If you are 18 years old, you are old enough to sign a last will and testament in California. A common way to establish a will is to visit an attorney. The attorney obtains all needed information from you, including a list of your assets and your beneficiaries, and prepares a will incorporating them. Alternatively, a California resident can sit down and type out her own last testament. Whether you or your lawyer drafts your will, two people must witness your signature. A notary is not required.
California statutes contain a form will termed a "statutory will." The statutory will contains the bare outline of a last will and testament with spaces left blank to flesh out personal information. A person wishing to use the statutory form fills in personal information, including identification, assets and bequests. Like a prepared will, a statutory will requires two witnesses. The codes do not require that any of the signatures be notarized.
The probate code also authorizes a California resident to write out a will in longhand. A handwritten will, termed a holographic will, must be written, dated and signed by the maker. Although witnesses may sign a holographic will, none are required, nor must the signatures be notarized. A holographic will may be valid even if not dated as long as no ambiguity arises from the lack of date.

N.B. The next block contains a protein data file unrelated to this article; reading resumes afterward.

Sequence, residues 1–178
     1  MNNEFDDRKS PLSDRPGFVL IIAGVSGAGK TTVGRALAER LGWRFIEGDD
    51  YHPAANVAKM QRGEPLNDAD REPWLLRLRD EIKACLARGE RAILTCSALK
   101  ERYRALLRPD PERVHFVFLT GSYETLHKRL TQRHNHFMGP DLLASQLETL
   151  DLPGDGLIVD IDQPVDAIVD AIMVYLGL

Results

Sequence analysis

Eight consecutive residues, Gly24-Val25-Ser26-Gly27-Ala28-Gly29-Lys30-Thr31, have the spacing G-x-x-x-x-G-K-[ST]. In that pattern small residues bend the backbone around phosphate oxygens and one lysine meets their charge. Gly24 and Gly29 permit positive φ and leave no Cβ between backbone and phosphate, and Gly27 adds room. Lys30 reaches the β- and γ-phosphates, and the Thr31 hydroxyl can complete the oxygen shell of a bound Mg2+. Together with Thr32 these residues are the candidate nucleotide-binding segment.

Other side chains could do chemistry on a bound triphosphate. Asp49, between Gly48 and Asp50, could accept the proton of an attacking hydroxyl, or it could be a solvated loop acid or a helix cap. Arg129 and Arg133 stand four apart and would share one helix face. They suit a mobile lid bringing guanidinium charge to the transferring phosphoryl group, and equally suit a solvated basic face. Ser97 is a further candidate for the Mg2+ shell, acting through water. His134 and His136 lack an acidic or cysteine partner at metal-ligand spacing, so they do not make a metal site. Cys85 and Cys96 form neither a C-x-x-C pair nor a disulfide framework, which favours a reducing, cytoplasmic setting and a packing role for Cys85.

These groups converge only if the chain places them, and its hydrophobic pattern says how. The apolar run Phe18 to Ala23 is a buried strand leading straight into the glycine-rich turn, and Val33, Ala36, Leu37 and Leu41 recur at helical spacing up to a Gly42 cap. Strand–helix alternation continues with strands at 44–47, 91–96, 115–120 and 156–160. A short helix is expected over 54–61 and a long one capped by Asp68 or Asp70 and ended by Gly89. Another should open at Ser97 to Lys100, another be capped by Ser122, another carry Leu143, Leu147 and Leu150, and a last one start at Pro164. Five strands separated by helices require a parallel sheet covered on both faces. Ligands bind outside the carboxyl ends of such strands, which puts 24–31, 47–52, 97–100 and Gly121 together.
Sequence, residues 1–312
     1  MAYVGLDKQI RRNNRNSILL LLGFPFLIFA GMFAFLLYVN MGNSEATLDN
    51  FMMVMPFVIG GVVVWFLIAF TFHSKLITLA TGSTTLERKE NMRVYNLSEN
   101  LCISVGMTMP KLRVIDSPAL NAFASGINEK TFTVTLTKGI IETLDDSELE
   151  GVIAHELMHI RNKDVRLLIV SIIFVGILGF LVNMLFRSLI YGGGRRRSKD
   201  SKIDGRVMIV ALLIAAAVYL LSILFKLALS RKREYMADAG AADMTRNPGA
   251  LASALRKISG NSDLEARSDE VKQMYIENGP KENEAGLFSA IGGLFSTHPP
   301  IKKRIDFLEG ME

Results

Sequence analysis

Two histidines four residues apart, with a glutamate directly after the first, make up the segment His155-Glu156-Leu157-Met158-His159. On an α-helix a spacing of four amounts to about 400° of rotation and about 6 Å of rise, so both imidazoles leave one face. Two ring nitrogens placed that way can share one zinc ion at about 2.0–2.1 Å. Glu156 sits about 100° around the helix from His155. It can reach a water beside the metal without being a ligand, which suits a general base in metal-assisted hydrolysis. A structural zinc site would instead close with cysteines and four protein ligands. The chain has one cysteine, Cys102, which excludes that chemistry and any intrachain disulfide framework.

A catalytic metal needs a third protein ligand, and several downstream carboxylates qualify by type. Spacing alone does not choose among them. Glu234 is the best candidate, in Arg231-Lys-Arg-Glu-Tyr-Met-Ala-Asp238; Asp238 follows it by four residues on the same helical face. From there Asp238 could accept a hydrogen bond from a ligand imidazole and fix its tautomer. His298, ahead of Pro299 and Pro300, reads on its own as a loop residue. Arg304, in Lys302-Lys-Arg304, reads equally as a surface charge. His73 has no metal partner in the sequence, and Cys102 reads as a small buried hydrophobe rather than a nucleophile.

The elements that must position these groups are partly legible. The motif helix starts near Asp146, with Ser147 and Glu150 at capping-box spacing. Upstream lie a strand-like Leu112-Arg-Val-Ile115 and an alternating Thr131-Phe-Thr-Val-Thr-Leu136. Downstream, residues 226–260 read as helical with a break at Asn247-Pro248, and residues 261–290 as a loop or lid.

A fourth type of will authorized in California is an "international will," useful to those with property in other states or foreign countries. By executing a will under the International Wills Act, a person can make a will in California that will be accepted as valid in most other states and countries. Anyone can make a valid international will, no matter his nationality or residence, as long as he follows the rules set out in the probate code -- which are numerous. An international will must be signed by the maker in the presence of two witnesses plus a person authorized to act in connection with international wills, defined by the statute to include California attorneys. The authorized person must sign a certificate similar to a notary form -- the exact language of the certificate is set out in the statute -- attesting to the will signing.